Click here for more info

LINKS:

Jacksonville, Oregon

Lithia Springs Resort and Gardens

Show #31/2105. Fall Gardening In Oregon

Complete transcript of the show.


Just because winter weather is coming doesn't mean we can't have some gardening fun. In this episode Garden Smart visits two charming, historical towns with fantastic gardens in southern Oregon.
Jacksonville, Oregon is a town rich in history and tradition. Terri Geig is a proud resident and President of the Chamber of Commerce. Terri is wearing a victorian outfit typical of those worn in times past. The women wear this type clothing several times a year for special events. Gold was discovered in Jacksonville in 1851 and the town sprung up shortly thereafter. The town is in almost the same condition today, actually better, than it was at that time. Jacksonville has received historic landmark designation for the entire town, thus they take great care of the buildings. They have over 100 buildings on the Register. The people in Jacksonville are wonderful, they've come here to live because they want to live like their grandmother might have lived. There's a lot of patriotism, a lot of volunteerism and everyone tries to help one another. There is a sense of community pride that's palpable. This is evidenced in the beautiful buildings, even the wonderful plantings throughout the entire downtown. The many gardens that line the streets are readily visible upon arriving in town. Equally impressive are the private gardens. Jan is the creator and caretaker of many of these gardens.
Eric next visits with Jan. Jan has had a passion for being outdoors most of her life. Her Dad inspired in her the love of gardening and has been gardening since childhood. The past 25 years she has lived in southern Oregon where she has had the opportunity to work in some really unique, private gardens. She relishes the opportunity to add detail and specialized caretaking to these gardens. Jan feels very fortunate to be involved with some very special people and their gardens.
ERIC NOTICES THAT THERE IS CLEARLY AN ELEMENT TO HER GARDEN THAT SEEMS ART-INSPIRED. The gardens and art appear married. Jan explains that art is at the center of who she is. And, she's found that art and gardening create an absolutely perfect marriage. Gardening allows her to explore and create with an artists eye, then take that inspiration home and recreate it in a watercolor painting.
Top


THE FIRST HOME AND GARDEN IS A HILLSIDE LOCATION. Thus, this yard presents a lot of unique challenges. The owner has incorporated some wonderful hardscape elements, like rock walls and little vignettes throughout, which allow one to wander through the garden and see different levels of color and texture. There are also many beautiful focal points in this garden. That is because the owner, Anne Brooke, is a wonderful artist and uses her landscape as inspiration and subject matter. Anne wants plants like the Lace Top Hydrangea, Peonies and many others in the garden because they add inspiration for her and for her art students. Jan feels fortunate to have been able to paint and study with Anne both in her studio and in these gardens.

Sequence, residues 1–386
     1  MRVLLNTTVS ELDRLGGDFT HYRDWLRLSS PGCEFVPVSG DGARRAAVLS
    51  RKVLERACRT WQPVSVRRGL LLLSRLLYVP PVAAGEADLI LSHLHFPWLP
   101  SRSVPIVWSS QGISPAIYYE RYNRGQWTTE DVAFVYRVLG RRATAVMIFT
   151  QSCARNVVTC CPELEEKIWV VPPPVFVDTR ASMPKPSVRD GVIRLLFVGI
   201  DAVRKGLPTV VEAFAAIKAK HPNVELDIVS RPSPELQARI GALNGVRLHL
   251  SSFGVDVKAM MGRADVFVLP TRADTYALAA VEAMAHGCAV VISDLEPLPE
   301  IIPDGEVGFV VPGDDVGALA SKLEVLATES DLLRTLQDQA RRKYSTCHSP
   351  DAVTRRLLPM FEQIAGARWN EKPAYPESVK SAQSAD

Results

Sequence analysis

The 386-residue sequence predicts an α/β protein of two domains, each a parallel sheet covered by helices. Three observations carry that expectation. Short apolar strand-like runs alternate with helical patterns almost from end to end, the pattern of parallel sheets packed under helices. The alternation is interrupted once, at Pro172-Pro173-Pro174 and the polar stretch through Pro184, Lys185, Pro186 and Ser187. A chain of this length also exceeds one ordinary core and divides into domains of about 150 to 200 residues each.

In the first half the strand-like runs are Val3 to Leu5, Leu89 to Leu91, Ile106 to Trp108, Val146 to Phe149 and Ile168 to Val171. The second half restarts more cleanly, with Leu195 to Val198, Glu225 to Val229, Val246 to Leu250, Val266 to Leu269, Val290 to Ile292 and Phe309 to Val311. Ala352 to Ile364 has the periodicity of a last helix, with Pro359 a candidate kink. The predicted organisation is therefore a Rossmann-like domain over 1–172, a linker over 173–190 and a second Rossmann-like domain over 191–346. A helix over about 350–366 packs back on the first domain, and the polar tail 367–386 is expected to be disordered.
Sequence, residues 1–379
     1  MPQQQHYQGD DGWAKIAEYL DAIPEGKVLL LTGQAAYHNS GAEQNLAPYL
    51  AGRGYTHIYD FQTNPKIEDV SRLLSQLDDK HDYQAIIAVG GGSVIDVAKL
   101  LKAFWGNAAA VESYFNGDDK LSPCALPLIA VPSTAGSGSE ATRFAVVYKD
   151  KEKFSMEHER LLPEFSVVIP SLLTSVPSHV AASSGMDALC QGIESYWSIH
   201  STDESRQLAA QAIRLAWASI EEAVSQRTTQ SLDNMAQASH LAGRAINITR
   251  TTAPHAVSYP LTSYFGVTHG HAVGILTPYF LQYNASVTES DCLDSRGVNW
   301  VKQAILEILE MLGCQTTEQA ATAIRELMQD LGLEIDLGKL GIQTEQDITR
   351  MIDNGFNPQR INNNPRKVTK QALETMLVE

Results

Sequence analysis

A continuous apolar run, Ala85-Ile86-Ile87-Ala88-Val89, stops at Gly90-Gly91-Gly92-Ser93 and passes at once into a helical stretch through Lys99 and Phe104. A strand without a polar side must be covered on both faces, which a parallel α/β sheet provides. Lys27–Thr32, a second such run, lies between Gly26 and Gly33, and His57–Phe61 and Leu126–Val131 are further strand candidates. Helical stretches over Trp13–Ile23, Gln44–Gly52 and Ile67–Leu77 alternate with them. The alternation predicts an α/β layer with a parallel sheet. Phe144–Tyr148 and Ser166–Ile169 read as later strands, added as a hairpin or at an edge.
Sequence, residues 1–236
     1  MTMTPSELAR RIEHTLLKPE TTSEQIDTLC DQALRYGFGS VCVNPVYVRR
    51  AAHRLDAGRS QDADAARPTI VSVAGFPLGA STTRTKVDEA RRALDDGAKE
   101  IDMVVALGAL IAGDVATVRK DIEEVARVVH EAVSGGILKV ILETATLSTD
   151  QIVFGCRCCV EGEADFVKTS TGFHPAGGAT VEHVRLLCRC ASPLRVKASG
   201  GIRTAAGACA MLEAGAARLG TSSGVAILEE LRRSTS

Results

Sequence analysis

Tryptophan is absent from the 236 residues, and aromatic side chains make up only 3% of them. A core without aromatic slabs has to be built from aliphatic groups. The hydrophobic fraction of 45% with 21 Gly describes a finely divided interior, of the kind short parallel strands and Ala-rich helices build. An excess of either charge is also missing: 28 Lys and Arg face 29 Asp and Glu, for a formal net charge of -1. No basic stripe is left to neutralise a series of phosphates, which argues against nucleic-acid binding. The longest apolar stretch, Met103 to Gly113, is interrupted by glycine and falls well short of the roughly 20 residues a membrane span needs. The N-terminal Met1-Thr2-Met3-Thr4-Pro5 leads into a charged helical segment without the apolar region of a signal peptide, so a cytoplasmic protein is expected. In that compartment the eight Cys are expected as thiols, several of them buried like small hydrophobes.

Top


JAN AND ERIC START AT THE TOP LEVEL OF THE TERRACE GARDEN. Here they've installed some raised beds. These raised beds offer space for a variety of plant material. They've included vegetables for edibles but because this is an artists home they've added plants that provide color and inspiration for Anne and her students. This garden has a wonderful combination of annuals and perennials. Zinnia elegans is one of Anne's favorite plants for her paintings. They offer color that extends through the season. Even though they've had some heavy rain the past few days the Zinnias are holding their own and offering a lot of autumn color. They do add a lot of color late into the season.
The beds are easy to maintain and easy to amend. Thus, Jan adds a lot of compost during the winter months. As well, the plant material stays contained, making it easier to work through the beds. And they stay warm. Because the sides are elevated which wouldn't occur in a flat garden, the sun is able to heat the sides. This means the soil warms quicker in the spring and with the sun hitting it it stays warmer in the fall. Raised beds are a great way to add a few weeks to the growing season. Jan feels that they can actually carry the winter greens for another month or two. Jan lines the interior of the raised beds with a screen mesh. This helps avoid the possibility of critters popping through. Many have trouble with moles and voles and other types of critters, this helps eliminate that problem.
Top